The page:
The presence of a social worker in health center is essential to the exemplary care of residents and patients. Lora Cochrane, MSW, is the social worker at Woodcrest at Blakeford. Lora took some time to respond to a few questions about her role and its importance to residents and their families.
What is your role as a social worker?
I describe my role to residents and families in one of three ways:
As a good point of contact – I always let families know that if they have a question or concerns that they do not know who to talk to, tell the social worker. I tell them, I may not have all the answers but I can get them for you. I answer questions ranging from “Can I get my toenails trimmed?” to “When am I going home?”
As a resource guide and discharge planner – As a Resource guide and a discharge planner I help connect residents and families to people, companies and services that may be available in the community or while at Woodcrest. I help set up home health or outpatient therapy, work with ordering medical equipment and oxygen for home, set up doctor’s appointments, connect families to caregiver agencies, and respond to any other need or question that may arise.
The vast majority of residents and family members do not understand that discharge planning starts when they first come through the doors. It can be a shock to mention discharge on the first day of someone’s stay. I try to encourage residents and families to think ahead about what are the options after Woodcrest.
“Where do I go from here?”
“Will I return home?”
“Will I be safe to return home?”
“Do I need help at home?”
“Do I need to look at alternate placement instead of returning home?”
These are all difficult questions to think about for a lot of people. I strive to make these questions a little easier to answer by providing every resource I can, explaining each option and answering every question.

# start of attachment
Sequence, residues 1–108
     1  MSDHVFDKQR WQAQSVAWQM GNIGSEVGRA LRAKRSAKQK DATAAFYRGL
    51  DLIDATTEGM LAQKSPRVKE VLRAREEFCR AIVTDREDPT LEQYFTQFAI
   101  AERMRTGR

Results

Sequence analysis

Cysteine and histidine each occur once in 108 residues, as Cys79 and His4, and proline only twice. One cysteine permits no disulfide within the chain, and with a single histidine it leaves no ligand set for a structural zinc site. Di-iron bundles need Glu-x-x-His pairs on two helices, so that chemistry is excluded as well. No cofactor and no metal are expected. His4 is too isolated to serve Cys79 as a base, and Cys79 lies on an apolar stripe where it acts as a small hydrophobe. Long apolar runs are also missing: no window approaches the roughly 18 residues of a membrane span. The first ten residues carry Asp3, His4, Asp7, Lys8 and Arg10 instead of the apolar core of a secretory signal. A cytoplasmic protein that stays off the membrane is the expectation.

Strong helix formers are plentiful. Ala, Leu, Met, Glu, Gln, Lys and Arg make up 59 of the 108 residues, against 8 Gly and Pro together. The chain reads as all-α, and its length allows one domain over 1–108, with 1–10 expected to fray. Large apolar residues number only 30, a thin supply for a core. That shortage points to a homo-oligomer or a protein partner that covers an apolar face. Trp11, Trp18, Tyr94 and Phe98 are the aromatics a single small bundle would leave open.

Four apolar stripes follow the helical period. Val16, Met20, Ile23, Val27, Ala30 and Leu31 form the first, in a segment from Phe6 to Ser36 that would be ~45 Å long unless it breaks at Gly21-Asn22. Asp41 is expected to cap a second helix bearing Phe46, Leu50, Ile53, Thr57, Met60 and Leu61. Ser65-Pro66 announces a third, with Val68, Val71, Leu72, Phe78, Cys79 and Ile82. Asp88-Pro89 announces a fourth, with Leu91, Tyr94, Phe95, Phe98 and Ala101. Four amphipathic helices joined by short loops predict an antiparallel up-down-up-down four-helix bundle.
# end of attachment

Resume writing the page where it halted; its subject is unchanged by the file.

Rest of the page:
There are several elements that exist in providing care. Why is it important to work together?
Team work is vital in a health care setting. Residents are not here receiving one service from one discipline, but receiving a community’s worth of care from nursing, therapy, dietary, activities and myself. I have never had a family say to me, “I wish the staff would call me less. I want to be less informed.” It is imperative that each discipline of the healthcare community keep in constant communication in order to ensure the best possible care and outcome for each resident every time.
Why did you choose to work in a health center setting?
I have always loved working with older adults. I am truly humbled by their stories, the lives they have led, and the wisdom many still possess. I see people from all walks of life. I get to watch rehab residents progress and assist them with moving on. I also get to stand with families as they deal with the struggles of an aging loved one. In a health center setting, I only see a glimpse of the novel that is a person’s life and I consider it an honor to get to be a part of their story.